- In some circumstances, tax incentives are not an efficient mechanism for delivering assistance. The government must ensure that the full value of the benefit is directed to the intended recipients. For example, tax incentives would be unlikely to benefit start-up operations in the near term.
- However, farmers do already benefit from preferential tax treatment through, for example:
- On the capital gains side, there is:
- intergenerational rollovers for the disposition of farm property;
- the $500,000 lifetime capital gains exemption for farm property; and
- the 10-year reserve for gains on disposition of farm property.
- On the income side, there is:
- cash basis accounting;
- a deferral of income from the sale of breeding stock due to drought;
- a deferral of income from forced destruction of livestock; and
- flexible inventory adjustment mechanism.
- The government recognizes the importance of quickly enhancing domestic ruminant slaughter capacity in the wake of the BSE crisis. In this regard, the Government has initiated direct financial support ($83 million) as well as regulatory changes to facilitate the development of new slaughter capacity:
- The federal government is establishing a Loan Loss Reserve to increase lenders' willingness to support projects to increase ruminant slaughter capacity, including expansion and construction of small and medium-sized facilities.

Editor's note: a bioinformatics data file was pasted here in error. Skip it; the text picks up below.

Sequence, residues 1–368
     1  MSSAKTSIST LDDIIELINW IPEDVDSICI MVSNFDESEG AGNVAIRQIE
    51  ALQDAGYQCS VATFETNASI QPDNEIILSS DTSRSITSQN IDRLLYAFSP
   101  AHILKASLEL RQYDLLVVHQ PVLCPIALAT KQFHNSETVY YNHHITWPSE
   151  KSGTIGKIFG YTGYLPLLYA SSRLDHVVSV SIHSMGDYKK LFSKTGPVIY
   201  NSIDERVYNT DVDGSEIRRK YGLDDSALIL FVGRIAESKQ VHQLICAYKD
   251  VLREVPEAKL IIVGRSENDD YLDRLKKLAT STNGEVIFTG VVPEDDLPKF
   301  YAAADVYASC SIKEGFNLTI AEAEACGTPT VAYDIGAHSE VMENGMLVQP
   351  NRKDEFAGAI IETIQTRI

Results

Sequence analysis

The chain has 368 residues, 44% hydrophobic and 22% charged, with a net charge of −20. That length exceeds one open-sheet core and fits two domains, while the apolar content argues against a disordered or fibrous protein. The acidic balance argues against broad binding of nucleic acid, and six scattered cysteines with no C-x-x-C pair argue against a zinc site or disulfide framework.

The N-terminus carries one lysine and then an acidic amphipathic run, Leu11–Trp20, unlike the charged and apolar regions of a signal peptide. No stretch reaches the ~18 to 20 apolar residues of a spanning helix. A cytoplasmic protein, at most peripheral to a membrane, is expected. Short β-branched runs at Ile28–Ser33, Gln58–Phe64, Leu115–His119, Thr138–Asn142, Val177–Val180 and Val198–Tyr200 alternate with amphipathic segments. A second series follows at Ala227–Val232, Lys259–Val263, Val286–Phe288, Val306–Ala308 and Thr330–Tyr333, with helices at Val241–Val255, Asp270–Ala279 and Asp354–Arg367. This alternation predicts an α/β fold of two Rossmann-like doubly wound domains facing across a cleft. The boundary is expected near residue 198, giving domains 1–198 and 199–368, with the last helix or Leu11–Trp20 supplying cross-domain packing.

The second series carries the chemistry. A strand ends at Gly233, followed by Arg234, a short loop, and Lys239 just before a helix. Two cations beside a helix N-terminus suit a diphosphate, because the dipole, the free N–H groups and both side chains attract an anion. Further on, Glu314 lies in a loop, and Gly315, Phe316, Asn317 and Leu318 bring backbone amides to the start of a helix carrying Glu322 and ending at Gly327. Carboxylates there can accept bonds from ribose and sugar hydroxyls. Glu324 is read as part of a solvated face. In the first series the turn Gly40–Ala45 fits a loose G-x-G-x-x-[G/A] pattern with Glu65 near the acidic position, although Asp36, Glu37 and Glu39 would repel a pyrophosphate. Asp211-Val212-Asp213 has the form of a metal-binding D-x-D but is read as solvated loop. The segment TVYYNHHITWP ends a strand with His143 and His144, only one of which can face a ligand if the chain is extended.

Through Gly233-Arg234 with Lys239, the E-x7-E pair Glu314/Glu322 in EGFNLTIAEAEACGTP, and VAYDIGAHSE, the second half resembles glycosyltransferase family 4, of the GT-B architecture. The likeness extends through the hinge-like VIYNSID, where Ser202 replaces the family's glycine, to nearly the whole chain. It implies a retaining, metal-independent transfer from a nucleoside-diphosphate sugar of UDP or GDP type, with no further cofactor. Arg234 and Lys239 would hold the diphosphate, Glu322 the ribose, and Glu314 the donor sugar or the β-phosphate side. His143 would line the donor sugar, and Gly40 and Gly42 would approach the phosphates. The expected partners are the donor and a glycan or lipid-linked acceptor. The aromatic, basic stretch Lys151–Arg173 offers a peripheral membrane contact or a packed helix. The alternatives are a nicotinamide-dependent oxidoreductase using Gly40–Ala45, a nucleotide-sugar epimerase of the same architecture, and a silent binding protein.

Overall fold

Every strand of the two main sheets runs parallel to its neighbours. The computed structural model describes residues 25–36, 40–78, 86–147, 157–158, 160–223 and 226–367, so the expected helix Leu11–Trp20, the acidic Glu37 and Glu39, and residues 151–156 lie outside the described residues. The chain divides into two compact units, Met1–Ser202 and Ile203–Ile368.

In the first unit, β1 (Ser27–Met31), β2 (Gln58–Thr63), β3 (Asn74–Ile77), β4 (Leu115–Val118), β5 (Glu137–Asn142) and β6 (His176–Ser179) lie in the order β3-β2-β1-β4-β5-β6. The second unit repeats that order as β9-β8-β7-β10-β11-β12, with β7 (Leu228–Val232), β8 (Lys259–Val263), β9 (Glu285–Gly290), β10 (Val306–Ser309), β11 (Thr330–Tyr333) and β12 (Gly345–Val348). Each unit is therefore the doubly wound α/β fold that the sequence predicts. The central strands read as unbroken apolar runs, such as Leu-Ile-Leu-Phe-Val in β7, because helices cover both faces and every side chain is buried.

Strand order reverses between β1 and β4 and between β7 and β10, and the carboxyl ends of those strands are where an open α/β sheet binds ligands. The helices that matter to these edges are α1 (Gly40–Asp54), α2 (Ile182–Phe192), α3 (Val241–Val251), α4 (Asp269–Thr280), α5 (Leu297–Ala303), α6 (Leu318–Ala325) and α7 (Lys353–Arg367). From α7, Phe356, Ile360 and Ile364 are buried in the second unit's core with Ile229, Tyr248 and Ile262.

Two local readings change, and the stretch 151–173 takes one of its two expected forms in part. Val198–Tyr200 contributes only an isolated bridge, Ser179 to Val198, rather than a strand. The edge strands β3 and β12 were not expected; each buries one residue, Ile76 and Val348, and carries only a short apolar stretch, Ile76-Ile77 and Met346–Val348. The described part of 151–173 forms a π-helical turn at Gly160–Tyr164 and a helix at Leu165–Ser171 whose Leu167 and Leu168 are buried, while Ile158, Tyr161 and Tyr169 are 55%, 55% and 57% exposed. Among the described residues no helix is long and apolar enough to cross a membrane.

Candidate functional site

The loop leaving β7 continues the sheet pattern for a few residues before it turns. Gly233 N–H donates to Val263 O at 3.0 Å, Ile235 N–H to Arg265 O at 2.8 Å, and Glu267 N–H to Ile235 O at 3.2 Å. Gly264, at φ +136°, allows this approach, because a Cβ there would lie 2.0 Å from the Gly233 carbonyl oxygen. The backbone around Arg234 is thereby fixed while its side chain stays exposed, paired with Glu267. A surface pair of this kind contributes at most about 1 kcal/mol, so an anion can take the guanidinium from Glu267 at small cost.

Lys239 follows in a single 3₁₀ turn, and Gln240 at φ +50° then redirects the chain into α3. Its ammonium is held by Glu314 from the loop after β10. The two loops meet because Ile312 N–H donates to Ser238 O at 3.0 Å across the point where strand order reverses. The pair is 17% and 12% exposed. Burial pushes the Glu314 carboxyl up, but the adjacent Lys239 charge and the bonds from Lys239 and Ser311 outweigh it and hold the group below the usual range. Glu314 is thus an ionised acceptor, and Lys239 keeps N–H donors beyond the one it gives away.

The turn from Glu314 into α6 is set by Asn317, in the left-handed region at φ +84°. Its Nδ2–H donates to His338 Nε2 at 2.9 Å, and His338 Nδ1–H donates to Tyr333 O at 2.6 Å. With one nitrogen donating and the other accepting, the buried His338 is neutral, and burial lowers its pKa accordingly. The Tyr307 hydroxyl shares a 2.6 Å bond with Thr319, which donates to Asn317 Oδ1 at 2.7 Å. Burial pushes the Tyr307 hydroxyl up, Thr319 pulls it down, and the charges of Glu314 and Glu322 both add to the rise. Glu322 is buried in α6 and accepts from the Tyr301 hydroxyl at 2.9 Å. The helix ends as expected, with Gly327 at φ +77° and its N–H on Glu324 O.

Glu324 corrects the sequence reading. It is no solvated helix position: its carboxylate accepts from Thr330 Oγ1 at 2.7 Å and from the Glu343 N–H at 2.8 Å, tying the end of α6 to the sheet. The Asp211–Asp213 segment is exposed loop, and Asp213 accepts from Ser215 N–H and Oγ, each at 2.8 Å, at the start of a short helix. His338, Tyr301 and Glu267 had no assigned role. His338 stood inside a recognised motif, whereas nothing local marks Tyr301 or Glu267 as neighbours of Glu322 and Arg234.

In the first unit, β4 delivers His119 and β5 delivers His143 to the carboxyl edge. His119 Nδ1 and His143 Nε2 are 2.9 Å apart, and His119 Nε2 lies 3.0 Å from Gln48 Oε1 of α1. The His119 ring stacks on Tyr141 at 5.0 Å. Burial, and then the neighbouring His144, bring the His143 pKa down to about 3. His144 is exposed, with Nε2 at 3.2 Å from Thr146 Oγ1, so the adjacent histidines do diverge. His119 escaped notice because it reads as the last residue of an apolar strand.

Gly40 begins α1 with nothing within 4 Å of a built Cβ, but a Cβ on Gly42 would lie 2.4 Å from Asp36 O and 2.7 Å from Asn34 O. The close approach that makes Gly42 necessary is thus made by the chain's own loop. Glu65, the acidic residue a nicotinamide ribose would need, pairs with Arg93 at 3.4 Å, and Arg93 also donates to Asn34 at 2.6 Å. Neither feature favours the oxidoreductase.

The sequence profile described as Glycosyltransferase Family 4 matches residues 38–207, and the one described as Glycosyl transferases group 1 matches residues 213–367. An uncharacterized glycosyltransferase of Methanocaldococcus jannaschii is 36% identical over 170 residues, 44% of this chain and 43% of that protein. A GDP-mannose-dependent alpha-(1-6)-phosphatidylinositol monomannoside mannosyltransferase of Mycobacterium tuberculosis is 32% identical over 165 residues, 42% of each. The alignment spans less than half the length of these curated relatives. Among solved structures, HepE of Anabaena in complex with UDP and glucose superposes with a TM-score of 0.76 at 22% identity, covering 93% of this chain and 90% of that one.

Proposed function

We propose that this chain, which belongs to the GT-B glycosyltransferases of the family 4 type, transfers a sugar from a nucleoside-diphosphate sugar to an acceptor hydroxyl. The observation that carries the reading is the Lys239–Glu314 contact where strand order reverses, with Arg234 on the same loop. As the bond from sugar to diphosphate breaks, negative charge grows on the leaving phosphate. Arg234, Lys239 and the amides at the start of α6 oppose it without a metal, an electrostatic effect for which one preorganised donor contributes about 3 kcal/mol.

- The Canadian Food Inspection Agency (CFIA) is streamlining processes for establishment reviews and the approval of new plants under the Meat Inspection Act.
- The CFIA has been provided with incremental resources for increased inspection activities related to the planned long-term increase in slaughter rates.
- Governments will examine existing regulatory processes to identify opportunities for streamlining in order to allow expansion or construction of facilities to begin sooner.
- On March 10, 2005, the government announced a $50 million contribution to the Canadian Cattlemen Association's Legacy Fund to help launch an aggressive marketing campaign to reclaim and expand markets for Canadian beef. This marketing campaign is expected to generate more demand for the increased slaughter capacity being developed through the Loan Loss Reserve.
Bovine Spongiform Encephalopathy (BSE) Programs Since June 2003
(million of dollars) BSE Recovery Program (June 2003) 312 Cull Animal Program (November 2003) 120 Transitional Industry Support Program—direct payment component (March 2004) 678 Repositioning the Livestock Industry Strategy (September 2004) 488 Various food safety and research measures (2003 and 2004) 208 Total 1,806
Source: The Budget Plan 2005, Table 4.5, page 142
- Going forward, the Government is committed to examining all effective means of delivering assistance to this industry.
National Capital Commission—Policy for Acquiring Private Property in Gatineau Park
Hon. Bill Rompkey (Deputy Leader of the Government) tabled the answer to Question No. 10 on the Order Paper—-by Senator Spivak
Second Reading—Debate Adjourned